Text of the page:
Stop Feeling Like a Pinball: Four Foundations of Effective Performance Coaching That Take Just a Few Minutes a Day

January 2024 | By ALULA

The first month of 2024 is almost over, and leaders are already finding themselves feeling like a pinball at work: bouncing around between meetings, reports, and decisions without finding – or taking – opportunities to prioritize something that guarantees swift productivity and progress: performance coaching their people. 


Here’s the reality: Leaders can’t effectively coach employees if they're ricocheting rapidly between issues like a pinball bouncing through obstacles and lights. Quality coaching requires patience, active listening, and thoughtful guidance to understand what's happening and provide tailored support as well as praise. 

Ready for a reset? When the chaotic pinball motion pauses, don't see it as game over. See it as an opportunity to connect, which doesn’t need to be time intensive. 

Connecting with your workforce is a quality-over-quantity challenge. Here are four foundations for effective performance coaching that you can put into practice in just a few minutes each day:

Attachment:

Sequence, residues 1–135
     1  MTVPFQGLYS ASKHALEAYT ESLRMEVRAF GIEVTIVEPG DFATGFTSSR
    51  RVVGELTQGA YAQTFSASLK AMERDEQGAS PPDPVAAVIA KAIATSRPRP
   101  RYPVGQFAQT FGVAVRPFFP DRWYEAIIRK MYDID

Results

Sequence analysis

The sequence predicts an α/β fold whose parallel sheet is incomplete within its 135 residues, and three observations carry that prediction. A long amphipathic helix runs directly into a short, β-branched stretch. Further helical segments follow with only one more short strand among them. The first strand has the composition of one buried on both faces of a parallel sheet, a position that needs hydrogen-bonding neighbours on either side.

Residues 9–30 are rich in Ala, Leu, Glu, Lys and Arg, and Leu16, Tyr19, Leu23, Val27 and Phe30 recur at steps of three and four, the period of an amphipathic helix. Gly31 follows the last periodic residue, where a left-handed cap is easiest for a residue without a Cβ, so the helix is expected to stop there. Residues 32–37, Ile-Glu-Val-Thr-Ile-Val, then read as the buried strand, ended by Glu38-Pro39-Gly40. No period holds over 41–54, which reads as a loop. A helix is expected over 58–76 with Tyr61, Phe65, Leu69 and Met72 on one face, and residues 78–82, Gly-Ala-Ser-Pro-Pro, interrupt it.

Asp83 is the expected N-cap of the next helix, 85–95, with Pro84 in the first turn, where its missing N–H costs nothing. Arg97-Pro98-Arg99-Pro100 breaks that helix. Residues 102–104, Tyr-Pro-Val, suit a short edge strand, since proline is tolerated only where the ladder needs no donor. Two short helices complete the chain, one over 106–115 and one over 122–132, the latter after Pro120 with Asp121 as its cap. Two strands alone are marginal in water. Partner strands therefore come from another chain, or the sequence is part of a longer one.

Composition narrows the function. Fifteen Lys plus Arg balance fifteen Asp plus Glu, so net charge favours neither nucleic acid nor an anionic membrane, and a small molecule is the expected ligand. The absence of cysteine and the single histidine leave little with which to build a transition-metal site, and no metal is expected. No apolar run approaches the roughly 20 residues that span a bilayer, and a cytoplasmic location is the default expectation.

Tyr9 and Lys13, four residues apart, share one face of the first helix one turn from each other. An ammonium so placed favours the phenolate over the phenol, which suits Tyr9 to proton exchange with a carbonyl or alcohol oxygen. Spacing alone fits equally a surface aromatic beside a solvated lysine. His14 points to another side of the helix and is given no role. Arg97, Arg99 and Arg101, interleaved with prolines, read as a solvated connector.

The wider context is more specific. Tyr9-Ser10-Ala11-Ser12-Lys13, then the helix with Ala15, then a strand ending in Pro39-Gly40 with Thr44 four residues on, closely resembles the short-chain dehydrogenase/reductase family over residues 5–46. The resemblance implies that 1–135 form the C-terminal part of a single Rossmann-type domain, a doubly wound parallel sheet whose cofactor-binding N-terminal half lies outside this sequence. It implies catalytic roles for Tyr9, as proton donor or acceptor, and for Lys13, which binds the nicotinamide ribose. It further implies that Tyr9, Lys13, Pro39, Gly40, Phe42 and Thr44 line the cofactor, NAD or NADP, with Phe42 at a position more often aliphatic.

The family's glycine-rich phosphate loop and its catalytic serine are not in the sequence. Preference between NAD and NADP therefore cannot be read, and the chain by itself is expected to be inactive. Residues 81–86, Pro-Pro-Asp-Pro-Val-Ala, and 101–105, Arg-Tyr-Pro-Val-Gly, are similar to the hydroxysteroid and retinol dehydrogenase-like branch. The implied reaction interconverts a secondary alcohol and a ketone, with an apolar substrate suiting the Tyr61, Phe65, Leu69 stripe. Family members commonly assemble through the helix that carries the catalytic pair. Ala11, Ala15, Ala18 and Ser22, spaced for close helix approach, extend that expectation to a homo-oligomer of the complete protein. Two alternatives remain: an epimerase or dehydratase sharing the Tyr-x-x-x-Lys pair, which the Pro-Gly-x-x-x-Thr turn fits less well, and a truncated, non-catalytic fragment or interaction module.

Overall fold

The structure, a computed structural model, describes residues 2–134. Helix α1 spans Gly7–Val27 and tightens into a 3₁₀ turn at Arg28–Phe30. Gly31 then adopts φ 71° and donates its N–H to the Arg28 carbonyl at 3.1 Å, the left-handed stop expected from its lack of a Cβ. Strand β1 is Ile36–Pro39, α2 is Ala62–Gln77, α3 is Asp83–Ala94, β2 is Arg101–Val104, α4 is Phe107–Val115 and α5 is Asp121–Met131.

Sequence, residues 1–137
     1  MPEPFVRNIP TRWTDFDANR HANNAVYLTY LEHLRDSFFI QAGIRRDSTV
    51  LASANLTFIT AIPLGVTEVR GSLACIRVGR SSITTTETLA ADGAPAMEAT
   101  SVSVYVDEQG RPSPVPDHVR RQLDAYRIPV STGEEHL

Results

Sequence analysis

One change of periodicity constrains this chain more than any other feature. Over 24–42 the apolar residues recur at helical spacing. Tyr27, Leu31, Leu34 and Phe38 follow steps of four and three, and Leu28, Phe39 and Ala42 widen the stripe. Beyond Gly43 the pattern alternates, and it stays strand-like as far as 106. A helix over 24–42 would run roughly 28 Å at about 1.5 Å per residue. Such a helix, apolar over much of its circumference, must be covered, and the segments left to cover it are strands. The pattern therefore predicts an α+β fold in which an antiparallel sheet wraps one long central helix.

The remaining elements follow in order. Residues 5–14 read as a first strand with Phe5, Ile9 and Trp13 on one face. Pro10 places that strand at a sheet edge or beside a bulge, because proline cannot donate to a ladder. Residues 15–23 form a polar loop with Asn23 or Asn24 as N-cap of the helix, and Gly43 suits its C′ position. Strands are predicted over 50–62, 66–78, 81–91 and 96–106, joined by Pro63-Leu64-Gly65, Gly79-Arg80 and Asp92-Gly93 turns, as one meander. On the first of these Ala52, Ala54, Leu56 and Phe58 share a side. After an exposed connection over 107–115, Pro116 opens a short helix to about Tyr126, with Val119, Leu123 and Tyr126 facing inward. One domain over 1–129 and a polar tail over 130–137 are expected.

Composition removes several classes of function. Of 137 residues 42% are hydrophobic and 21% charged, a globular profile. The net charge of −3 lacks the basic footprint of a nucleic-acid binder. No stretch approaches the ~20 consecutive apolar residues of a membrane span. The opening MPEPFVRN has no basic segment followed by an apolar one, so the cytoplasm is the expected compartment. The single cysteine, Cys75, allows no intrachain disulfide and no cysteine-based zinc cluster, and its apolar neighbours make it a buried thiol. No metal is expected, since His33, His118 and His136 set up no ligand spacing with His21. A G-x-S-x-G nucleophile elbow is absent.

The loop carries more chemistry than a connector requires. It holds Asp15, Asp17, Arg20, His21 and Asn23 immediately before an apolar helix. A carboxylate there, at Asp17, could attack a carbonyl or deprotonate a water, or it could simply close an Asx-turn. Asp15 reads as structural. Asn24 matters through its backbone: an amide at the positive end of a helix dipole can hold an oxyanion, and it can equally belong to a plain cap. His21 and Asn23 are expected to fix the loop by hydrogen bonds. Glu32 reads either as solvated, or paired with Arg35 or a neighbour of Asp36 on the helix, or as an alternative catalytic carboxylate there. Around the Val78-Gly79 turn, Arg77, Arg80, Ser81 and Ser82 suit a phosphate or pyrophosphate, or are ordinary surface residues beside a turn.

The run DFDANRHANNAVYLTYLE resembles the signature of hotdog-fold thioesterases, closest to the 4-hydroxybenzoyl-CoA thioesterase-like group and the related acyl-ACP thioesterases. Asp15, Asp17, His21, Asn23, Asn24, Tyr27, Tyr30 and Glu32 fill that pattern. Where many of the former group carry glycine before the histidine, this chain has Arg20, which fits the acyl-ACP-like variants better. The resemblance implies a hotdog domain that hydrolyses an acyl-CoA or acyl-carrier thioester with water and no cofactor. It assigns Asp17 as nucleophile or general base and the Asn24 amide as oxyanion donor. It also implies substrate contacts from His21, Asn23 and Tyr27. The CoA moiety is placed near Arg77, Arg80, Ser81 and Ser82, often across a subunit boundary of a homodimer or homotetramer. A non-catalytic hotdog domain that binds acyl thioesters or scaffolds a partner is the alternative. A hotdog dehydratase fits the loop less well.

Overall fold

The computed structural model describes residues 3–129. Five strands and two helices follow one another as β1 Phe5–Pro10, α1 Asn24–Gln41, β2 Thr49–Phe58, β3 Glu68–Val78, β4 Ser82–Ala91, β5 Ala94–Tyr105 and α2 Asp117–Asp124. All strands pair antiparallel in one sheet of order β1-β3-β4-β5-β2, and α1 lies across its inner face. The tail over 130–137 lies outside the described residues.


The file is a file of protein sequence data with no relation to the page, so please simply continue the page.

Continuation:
1. Share your coaching plan 

    Don’t just react to what you see or hear. Proactively identify the desired actions and outcomes you want to see from your team members and then seek out opportunities to observe, praise, or correct them.  

  2. Follow up with people

    Check in with your team members regularly. Ask them how they're handling the actions and outcomes you're coaching them on. Listen for examples of what's going well and acknowledge how you'll act on their feedback or barriers.  

  3. Prioritize reinforcement 

    Help your team members recognize the positive impact of their actions and outcomes – especially on themselves, customers, and colleagues. Show them how their actions align with the mission and values of your organization, and how they're contributing to desired results.  

  4. Evaluate yourself 

    Ask yourself if your coaching is having the right influence on your team members. Look for evidence that they're doing more of what is good for the business and less of what is not. Adjust your coaching plan accordingly. 

Remember: the success of your coaching starts with a solid coaching plan (foundation #1) that clarifies the actions and outcomes you need to see from your team. If your list of desired actions and outcomes is too long or complex, we are here to help you prioritize and simplify it so that your coaching makes a positive difference.   

If youre ready to take your coaching to the next level, master foundation #2 with our 12 Tips for Conducting Effective Check-in Meetings. Click below to try it out. 

Topics: Leadership, Communicating with Teams, Coaching


Written by ALULA